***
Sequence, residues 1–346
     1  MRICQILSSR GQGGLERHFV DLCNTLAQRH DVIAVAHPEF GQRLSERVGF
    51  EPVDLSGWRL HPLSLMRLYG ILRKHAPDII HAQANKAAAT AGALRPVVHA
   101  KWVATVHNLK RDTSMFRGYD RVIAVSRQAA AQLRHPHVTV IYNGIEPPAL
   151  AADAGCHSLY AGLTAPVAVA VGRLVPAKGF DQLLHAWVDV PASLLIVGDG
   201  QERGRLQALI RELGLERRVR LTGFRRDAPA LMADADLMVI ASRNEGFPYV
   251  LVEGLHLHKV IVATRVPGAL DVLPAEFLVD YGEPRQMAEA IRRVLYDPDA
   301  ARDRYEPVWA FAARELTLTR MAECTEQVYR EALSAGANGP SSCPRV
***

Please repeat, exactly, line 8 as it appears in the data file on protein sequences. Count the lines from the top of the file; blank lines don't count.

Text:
   301  ARDRYEPVWA FAARELTLTR MAECTEQVYR EALSAGANGP SSCPRV